Palo Alto may have its share of Queen Anne, Craftsman, Spanish Revival and Eichler homes, but there's one style that is nearly impossible to find on its residential streets – Streamline Moderne throwbacks from the Art Deco era.
These were homes built in the 1930s with rounded corners, long horizontal lines, an abundance of chrome accents, porthole-shaped windows and other aerodynamic design elements found in cars, planes and ships. Due to the style's futuristic curves and transportation themes, however, its use in single-family homes was short-lived as it seemed better-suited for gas stations and train depots. For that reason, very few Streamline Moderne residences exist today.
In Palo Alto, the University Avenue Train Depot and the former Sea Scout base in the Baylands are good examples of buildings in this style still standing in the city, as well as the two-story home at 450 N. California Ave. that was put on the market in September for $6.38 million.
The home is listed in the city's historic inventory as a "major building of regional importance" and also has been recognized by the Art Deco Society of California.
Built in 1937 by Palo Alto architect and builder William F. Klay, the home is considered a pristine example of Streamline Moderne — a subcategory of the Art Deco style that was considered less flashy than its predecessor. The style focused on combining simple curved and rectangular building forms with ornamental details to express the motion and speed of transportation modes. Unlike the Art Deco style, which is normally characterized as tall, vertical structures – Stanford's 285-foot-tall Hoover Tower is a good example – Streamline Moderne buildings are lower and rectangular with a horizontal emphasis.
Klay, a longtime Palo Alto resident who built more than 100 homes in various styles throughout the city, built the house in the Old Palo Alto neighborhood for Burl W. Brant, the sales manager of the Sutter Packing Company, according to the historic preservation group Palo Alto Stanford Heritage (PAST). The home features curved and fluted walls, a flat roof line, chevron patterns on the front and garage doors, a porthole window at the second floor and expanses of glass block windows. Although a second-story addition was added to the home in the 1950s and other upgrades have been made through the years, its original Streamline Moderne details remain intact, according to PAST, which describes the home as a "fine example of an important style which is relatively rare."
Atherton's 'Home of the Future'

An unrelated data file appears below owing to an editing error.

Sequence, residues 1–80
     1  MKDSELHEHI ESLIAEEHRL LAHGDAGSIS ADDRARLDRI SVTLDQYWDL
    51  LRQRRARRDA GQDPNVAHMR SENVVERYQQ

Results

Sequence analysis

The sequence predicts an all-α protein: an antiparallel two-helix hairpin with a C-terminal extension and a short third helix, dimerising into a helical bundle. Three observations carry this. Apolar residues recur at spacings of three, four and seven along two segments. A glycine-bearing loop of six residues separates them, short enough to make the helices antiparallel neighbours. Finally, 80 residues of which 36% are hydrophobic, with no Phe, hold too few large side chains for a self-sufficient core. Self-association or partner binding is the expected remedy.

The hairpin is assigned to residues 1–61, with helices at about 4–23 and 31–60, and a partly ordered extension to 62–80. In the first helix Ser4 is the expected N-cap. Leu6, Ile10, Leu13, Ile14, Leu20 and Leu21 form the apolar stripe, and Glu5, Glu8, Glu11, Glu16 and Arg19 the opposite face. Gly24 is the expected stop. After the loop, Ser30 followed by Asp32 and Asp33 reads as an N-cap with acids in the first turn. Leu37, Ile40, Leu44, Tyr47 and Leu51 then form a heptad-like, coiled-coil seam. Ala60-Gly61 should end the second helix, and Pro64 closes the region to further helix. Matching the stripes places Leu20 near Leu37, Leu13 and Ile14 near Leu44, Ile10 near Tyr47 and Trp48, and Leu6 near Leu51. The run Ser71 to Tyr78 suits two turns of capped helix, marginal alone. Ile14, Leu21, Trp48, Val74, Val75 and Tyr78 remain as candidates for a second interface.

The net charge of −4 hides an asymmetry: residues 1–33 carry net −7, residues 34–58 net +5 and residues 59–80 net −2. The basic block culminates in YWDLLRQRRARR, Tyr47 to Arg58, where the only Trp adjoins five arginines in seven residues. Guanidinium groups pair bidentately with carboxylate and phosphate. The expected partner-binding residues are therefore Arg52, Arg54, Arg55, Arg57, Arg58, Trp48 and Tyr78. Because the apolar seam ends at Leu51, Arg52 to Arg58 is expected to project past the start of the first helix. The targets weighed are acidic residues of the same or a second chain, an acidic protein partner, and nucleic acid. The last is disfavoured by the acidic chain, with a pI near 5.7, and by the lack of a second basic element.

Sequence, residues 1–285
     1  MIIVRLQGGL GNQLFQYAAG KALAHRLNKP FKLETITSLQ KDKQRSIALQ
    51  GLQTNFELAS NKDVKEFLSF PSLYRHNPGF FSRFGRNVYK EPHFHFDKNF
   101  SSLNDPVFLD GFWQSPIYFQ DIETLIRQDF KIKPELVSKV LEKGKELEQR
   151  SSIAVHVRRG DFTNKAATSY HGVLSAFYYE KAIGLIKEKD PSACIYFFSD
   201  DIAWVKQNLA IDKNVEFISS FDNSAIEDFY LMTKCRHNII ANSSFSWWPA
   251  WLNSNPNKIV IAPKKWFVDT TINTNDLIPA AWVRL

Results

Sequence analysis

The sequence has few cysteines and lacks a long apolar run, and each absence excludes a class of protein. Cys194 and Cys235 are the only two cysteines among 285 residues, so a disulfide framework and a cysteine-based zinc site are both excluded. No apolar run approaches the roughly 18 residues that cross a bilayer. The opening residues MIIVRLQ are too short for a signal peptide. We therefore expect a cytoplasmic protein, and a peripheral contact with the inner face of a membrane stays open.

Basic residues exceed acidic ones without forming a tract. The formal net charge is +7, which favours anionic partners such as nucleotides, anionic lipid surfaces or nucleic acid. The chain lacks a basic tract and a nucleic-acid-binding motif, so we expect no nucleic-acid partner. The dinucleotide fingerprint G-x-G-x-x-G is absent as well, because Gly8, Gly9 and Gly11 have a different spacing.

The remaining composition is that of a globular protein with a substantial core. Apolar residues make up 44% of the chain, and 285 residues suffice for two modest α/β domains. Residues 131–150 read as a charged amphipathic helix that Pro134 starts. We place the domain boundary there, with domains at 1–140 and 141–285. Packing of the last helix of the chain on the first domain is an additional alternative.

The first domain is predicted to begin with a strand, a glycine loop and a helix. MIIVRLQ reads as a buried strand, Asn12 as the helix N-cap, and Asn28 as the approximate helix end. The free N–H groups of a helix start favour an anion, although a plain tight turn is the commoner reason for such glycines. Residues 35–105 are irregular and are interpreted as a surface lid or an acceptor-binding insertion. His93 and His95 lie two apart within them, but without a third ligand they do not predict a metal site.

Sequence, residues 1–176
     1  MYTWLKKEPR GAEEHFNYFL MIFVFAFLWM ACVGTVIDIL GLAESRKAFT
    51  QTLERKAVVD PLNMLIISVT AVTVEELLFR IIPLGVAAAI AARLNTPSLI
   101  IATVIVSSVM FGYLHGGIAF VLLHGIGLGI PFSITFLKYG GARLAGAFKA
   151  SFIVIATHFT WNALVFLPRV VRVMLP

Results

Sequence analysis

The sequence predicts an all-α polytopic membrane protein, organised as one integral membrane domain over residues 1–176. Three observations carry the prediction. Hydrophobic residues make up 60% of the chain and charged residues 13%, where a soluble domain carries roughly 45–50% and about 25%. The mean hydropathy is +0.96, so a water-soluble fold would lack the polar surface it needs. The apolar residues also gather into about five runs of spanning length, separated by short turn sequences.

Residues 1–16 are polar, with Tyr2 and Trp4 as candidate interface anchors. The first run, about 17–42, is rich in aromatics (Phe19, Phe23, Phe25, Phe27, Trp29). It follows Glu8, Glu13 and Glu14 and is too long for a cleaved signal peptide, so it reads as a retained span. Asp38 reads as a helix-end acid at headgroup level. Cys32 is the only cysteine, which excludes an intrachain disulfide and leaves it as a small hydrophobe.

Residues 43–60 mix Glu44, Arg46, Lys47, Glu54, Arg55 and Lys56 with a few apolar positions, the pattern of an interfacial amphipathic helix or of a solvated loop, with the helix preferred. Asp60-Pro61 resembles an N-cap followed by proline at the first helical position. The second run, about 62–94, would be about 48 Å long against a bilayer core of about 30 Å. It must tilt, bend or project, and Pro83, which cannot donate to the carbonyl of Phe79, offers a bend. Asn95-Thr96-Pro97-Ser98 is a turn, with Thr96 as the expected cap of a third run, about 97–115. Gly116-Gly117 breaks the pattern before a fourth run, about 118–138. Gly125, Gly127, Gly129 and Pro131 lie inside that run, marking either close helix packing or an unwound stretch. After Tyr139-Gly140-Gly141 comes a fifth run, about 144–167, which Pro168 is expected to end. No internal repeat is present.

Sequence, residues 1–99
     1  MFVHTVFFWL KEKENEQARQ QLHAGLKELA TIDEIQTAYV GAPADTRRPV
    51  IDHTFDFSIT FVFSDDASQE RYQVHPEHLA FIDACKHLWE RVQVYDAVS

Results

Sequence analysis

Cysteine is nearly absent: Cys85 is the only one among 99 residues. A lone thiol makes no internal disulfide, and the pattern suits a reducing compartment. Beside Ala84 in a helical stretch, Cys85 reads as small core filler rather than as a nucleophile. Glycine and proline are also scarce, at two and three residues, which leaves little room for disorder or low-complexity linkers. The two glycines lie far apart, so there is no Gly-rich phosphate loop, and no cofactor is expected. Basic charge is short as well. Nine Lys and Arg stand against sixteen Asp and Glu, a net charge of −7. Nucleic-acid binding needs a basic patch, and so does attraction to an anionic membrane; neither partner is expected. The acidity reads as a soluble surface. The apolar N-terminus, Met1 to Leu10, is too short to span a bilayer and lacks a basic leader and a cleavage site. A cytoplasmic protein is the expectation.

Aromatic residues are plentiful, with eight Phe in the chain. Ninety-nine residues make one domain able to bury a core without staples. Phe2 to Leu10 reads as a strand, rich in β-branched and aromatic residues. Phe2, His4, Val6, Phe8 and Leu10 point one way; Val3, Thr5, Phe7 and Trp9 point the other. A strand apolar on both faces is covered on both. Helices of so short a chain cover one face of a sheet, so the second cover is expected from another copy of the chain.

In neighboring Atherton, there is another Streamline Moderne home in the Lloyden Park neighborhood. Known as the Davis House at 49 Rittenhouse Ave. and also built in 1937, the home was designed by Mark Daniels as a “Home of the Future” for the 1939 Golden Gate International Exposition.
The home received an award for historic preservation from the Art Deco Society of California in 2003. The society called the home "one of the best examples of Streamlined Moderne architecture surviving on the Peninsula," according to a 2005 article published by SF Gate.
The house was reportedly built like an industrial building: It has a structural steel frame, and the original upstairs area was concrete.
Where to view Streamline Moderne structures in Palo Alto
Although single-family homes in the Streamline Moderne style are rare on the residential streets of Palo Alto, there are some commercial buildings that are still in use and available to explore:
University Avenue Train Station, 95 University Ave.
Designed by Southern Pacific architect J.H. Christie to resemble a streamlined train at the height of the Streamline Moderne craze in 1941, the 7,000-square-foot station remains much as it was when it first opened and is one of the few true Streamline Moderne buildings in the area.
Its dramatic rounded corners, narrow horizontal layering, glass brick windows and metal doors were meant to reflect a sense of movement and speed. Among its features is a 26-foot-long painting depicting Leland Stanford surveying the progression of America’s expansion into the West. The depot is on the National Register of Historic Places.
Environmental Volunteers EcoCenter, 2560 Embarcadero Road
Clark, noted for his Spanish Revival buildings throughout the city, reportedly designed the building with as much nautical paraphernalia as could be worked into the blueprints. The building, which is now used as the EcoCenter for the nonprofit Environmental Volunteers, was restored in 2008 and has retained many of its original features, including its lower "promenade deck" and the "upper bridge." A row of porthole-style windows line the building, which is curved to resemble a ship. Palo Alto designated the Sea Scout base a local historic landmark building in 2002.